Anyway, I was quite proud of myself as I came down the street with my new purchase of what I felt was the perfect Halloween pumpkin. It was just the right shape, just the right shade of orange, and it even had a green and curled stem on top. This would be perfect to carve up. Everything seemed right in the world for a change as the autumn breeze blew fall-colored leaves down the sidewalk at my feet.
Yet as I neared my house I figured it would not be a very smart thing to just walk straight in with my new Halloween tradition. My two older brothers were often always on the point of finding a reason to tease, trick, and pick on me. And there was no telling how my parents would react. “No, no!” one of them would probably say. “You’ll cut off one of your fingers if you try to carve that thing.” And before you know it, they’ll be tossing it into the garbage.
So I decided to sneak around my house the long way, go into the backyard, sneak about the bushes, and see if I could get to Robbie’s treehouse and find a hiding place for it in there. I would let Robbie know I had dropped off my pumpkin there the first chance I got.
Upon reaching the bottom of the tree, I heard voices coming up from up above.
“It isn’t fair,” I heard Barbara Jeane say. “We didn’t do anything, and you guys treated us like we were bad guys!”
“Yeah!” Ted Joel and Joe Peso chimed in.
Veronica sighed. “Uggh! How many times are we gonna have to say we’re sorry?”
“We didn’t know who we could trust,” said Robbie next.
I called up after hearing my buddy’s voice. “Are all you guys up there?”
The bottom hatch popped open and Sammy’s face appeared with a smile. “Hi, Carl!” he said. Then his eyes got wide. “Look guys! Carl’s got a Halloween pumpkin!”
Soon the faces of everyone in the Second Grade Safety Patrol was glaring down at me: Robbie, Veronica, (of course Sammy) Joe, Ted, and Barbara Jeane Meadow.
“Nice pumpkin, Carl,” said Ted Joel, “but I think we’re in the middle of an argument.”
“What about?” I asked.
“Being accused of being a double-agent snitch for Sally Silver and the Baxter twins,” answered Barbara Jeane, “that’s what!”
“I dunno,” Joe said. “I probably would have done the very same thing if I was in their shoes.”
Barbara Jeane and Ted gave Joe a cold glare.
“What?” he asked in reply. “My mom says I always have a guilty look on my face all the time.”
“What you doing with the pumpkin, Carl?” asked Robbie.
“I need to hide it here. I can’t keep it at home. I want to carve it for Halloween night. Can I keep it in your treehouse?”
Robbie signaled for me to come up.
The debating continued. Ted, Barbara Jeane, Joe (just a wee bit) were upset that they had been left out of the group and accused of assisting the spoiled brat Sally Silver. Robbie, Veronica, and Sammy were doing their best to appease them. I felt like I had to do something to stop the fighting. After all, it had all started with me as the subject of the so-called snitch and the bully they were working for, Sally Silver.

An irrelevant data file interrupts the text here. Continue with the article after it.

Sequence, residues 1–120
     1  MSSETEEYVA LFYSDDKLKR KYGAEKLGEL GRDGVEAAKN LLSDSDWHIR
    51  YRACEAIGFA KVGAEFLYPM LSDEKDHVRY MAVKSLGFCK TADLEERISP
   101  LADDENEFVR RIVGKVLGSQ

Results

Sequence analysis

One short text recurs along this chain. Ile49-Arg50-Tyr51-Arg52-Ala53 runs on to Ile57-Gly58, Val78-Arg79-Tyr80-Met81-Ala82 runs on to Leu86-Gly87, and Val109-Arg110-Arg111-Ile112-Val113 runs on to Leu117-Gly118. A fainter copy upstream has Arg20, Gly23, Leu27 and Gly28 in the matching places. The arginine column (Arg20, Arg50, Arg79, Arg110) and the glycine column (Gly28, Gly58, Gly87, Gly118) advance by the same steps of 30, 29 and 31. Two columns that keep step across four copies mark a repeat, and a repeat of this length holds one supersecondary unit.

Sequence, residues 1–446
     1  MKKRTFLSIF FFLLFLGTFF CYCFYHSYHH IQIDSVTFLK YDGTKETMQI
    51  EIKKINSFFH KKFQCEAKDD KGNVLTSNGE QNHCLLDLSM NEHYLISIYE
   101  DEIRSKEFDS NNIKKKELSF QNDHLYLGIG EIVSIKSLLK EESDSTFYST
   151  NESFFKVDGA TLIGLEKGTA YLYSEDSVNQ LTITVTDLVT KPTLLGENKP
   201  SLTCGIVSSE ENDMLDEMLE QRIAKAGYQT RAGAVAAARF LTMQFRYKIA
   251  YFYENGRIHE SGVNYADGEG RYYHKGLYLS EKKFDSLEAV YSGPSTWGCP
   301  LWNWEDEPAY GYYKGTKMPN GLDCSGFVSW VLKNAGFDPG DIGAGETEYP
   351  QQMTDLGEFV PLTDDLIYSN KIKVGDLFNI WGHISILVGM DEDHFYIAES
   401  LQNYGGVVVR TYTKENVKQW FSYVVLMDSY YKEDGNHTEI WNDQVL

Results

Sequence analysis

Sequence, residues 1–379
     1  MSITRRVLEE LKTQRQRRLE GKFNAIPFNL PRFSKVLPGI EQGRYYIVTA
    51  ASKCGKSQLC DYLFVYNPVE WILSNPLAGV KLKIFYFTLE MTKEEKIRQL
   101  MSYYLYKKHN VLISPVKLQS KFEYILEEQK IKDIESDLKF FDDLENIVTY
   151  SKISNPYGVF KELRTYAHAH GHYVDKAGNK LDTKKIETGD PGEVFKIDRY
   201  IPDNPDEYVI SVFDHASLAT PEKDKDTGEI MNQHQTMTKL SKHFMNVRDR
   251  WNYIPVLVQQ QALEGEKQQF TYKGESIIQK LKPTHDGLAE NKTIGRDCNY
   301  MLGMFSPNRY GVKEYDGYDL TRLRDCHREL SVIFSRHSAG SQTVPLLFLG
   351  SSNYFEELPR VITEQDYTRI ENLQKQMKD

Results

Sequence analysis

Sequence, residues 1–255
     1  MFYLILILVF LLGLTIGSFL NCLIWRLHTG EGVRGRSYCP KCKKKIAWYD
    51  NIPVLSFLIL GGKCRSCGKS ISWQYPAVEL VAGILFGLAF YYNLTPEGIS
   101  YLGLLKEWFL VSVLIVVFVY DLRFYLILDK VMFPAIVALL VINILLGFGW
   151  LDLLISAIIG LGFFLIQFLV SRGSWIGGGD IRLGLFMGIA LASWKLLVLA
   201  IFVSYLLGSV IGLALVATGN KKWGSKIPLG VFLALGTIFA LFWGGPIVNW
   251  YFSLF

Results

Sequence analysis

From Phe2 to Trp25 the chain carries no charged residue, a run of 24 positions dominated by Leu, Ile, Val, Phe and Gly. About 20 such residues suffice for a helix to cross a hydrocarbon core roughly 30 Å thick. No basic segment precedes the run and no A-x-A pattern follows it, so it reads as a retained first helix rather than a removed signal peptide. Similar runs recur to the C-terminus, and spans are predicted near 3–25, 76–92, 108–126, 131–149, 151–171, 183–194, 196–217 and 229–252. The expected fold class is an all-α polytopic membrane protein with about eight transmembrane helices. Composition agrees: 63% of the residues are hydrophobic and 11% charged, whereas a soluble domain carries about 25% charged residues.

“Everybody stop arguing!” I shouted.
The treehouse went silent.
“You have good lungs,” Ted Joel commented on my volume.
“Thank you,” I replied. “Now listen. The reason for all this has to do with me. I am the one being teased. Sure, Sally Silver and the Baxter twins have now also started picking on some of you too, but this all began because Robbie and the rest of you started to stand up for me. I don’t want you to lose your friendships over me.”
I set the pumpkin in the middle of the treehouse floor.
“This is our friendship pumpkin,” I said. “We’ve been friends a long time. I trust all of you. I know none of you are trying to hurt me. Joe, Barbara Jeane, Ted, I trust you. You guys are not snitches. Sammy, Veronica, Robbie, you have to trust them too. So all of us are going to forget about the past and work together and swear on this pumpkin to stay friends. We’re gonna let the magic of the Halloween keep us together.”
I put my hand on the pumpkin. “What do you guys say? Are you in?”
For a moment there was nothing but strange looks and quiet.
“C’mon,” I repeated myself. “Are you in?”
Slowly one by one everyone else got down on their knees like myself and placed a hand on the pumpkin.
“I believe this pumpkin is magic,” I said.
They all repeated after me: “I believe this pumpkin is magic.”
“I believe this pumpkin is magic,” I said louder.
“I believe this pumpkin is magic,” they repeated louder.
“I believe this pumpkin is magic!”
And they shouted: “I believe this pumpkin is magic!”
“There,” I said. “It’s done. We can’t go back. We’re friends forever.”
There was a new feeling in the room. There were smiles. There was instant trust.
I looked up at Robbie and nodded. “Now, Robbie,” I said. “Tell them about the plan.”
“There’s a plan?” asked Barbara Jeane.
Robbie nodded. “Yes. Thanks to Carl’s aunt Tilda. We have an idea on how to smoke out the snitch and get back at Sally Silver.”
“And more than that,” I added. “I think I already know who the snitch is.”
Robbie looked back at me with surprise. “You do?”